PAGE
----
A comparison between the 2 main iPad racing games at launch has left me a little surprised. I only recently bought NFS Shift to see what it was like, seeing as it was getting lots of 5 star reviews, and must say I’m impressed by it!
They are both fundamentally ports of their iPhone compatriarts enhanced for the bigger screen and more processing power.
Both are excellent games in their own way so there’s definitely room for both in your collection depending on what you’re looking for.
Read on for a full and detailed comparison between Real Racing by Firemint and Need For Speed Shift by EA.
The presentation, menus & interface
Real Racing’s menus are a lot more attractive in most ways. They use the screen space better and the text is much neater with a much more ‘tech’ design to them. NFS is pure arcade console style menus but still easy to navigate, although there are a lot more steps to get to the action.
Both games have similar control options and view options. You can have driver asssists such as steering help, braking help, auto braking, auto accelerate and automatic gearbox – or turn any of those off for a more hardcore experience. Personally I drive with auto gearbox on but everything else off so that you can lift off the throttle without necessarily braking to help get around certain bends as smoothly as possible and losing minimal momentum.
You can drive the cars with external chase cams, bonnet cam or an in-cockpit view. I always like to drive in-car so can’t really comment on the other views. I find it much easier to gauge speed and position on the road from a cockpit view purely because it’s more realistic and I can put myself in the game more naturally. Both games have excellent views with this camera mode I’m pleased to say – they work really well.
One BIG gripe with Real Racing is that there is no rear view mirror on screen where NFS has both rear view and door mirrors with the in-car view. This is compounded by the fact that you have to press at the top middle of the screen to look behind which is pretty much impossible when you are holding the screen like a steering wheel! This seems like its just a direct port of the iPhone controls where it’s only a thumb distance away but this really doesn’t work on the iPad! Surely there is enough processing oomph to have an on-screen rear view mirror!?!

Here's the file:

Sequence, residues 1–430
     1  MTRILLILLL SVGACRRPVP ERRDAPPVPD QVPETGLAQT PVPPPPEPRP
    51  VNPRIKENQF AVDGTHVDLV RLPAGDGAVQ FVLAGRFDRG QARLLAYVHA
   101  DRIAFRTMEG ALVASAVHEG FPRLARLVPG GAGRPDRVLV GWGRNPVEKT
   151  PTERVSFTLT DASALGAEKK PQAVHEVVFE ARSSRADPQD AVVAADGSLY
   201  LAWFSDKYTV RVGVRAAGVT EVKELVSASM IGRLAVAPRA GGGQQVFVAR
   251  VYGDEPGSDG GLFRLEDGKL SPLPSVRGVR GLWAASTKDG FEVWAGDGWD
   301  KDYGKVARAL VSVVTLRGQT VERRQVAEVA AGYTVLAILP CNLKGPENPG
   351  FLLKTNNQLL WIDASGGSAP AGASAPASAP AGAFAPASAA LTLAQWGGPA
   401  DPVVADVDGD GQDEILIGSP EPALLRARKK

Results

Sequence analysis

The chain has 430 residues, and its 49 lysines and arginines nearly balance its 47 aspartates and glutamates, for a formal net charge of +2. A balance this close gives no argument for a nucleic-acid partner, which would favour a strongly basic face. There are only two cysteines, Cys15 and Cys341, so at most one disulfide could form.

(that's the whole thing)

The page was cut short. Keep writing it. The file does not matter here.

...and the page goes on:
The cars, tracks & game structure
Both games have a quick race option and a career mode. Real Racing also has online leagues whereby you compete on time limited events to set your best result which is compared to other drivers registered for that league at the end of the timer, and championship results worked out from there. You can repeat each event as many times as you want within the timeframe until you are happy with your performance, then submit your times and move to the next event when the timer progresses. All this synchs up to their Cloudcell website where you can view stats, replays and league tables. This is a quality bit of depth that NFS lacks.
Real Racing is all circuit based venues, with racing kerbs, barriers, grandstands and gravel run-off areas. There is a good selection of fictional tracks which all look really nice. NFS on the other hand is all city based tracks. It has 4 famous cities with 7 variations of the same circuit in each. They all feel pretty similar to drive on so overall I prefer the RR tracks… But then I am a technical circuit racing fan over street racing! Having said that the tracks in NFS are well designed and fairly challenging so far.
Real Racing consists mainly of made up cars, with the only real-world car being a VW Golf GTi. There are 4 classes of car: hot hatches, saloons, muscle cars and GT sports cars – getting faster/harder to drive as you move up the ranks. Each class has a fair amount of cars within but they are basically all the same in each class, with different skins.
NFS has a good range of real cars with varying performance and drivability. You can also upgrade them with nitro, more power, better tyres and suspension. It would be a shame for this fact alone to be a decision maker for players but I can understand why it would be… It’s nice to pretend to drive your favourite make of car rather than some anonymous clones. However what it’s really about is the driving so lets move on!!
The driving & racing
Now the meat of any driving game is of course the driving!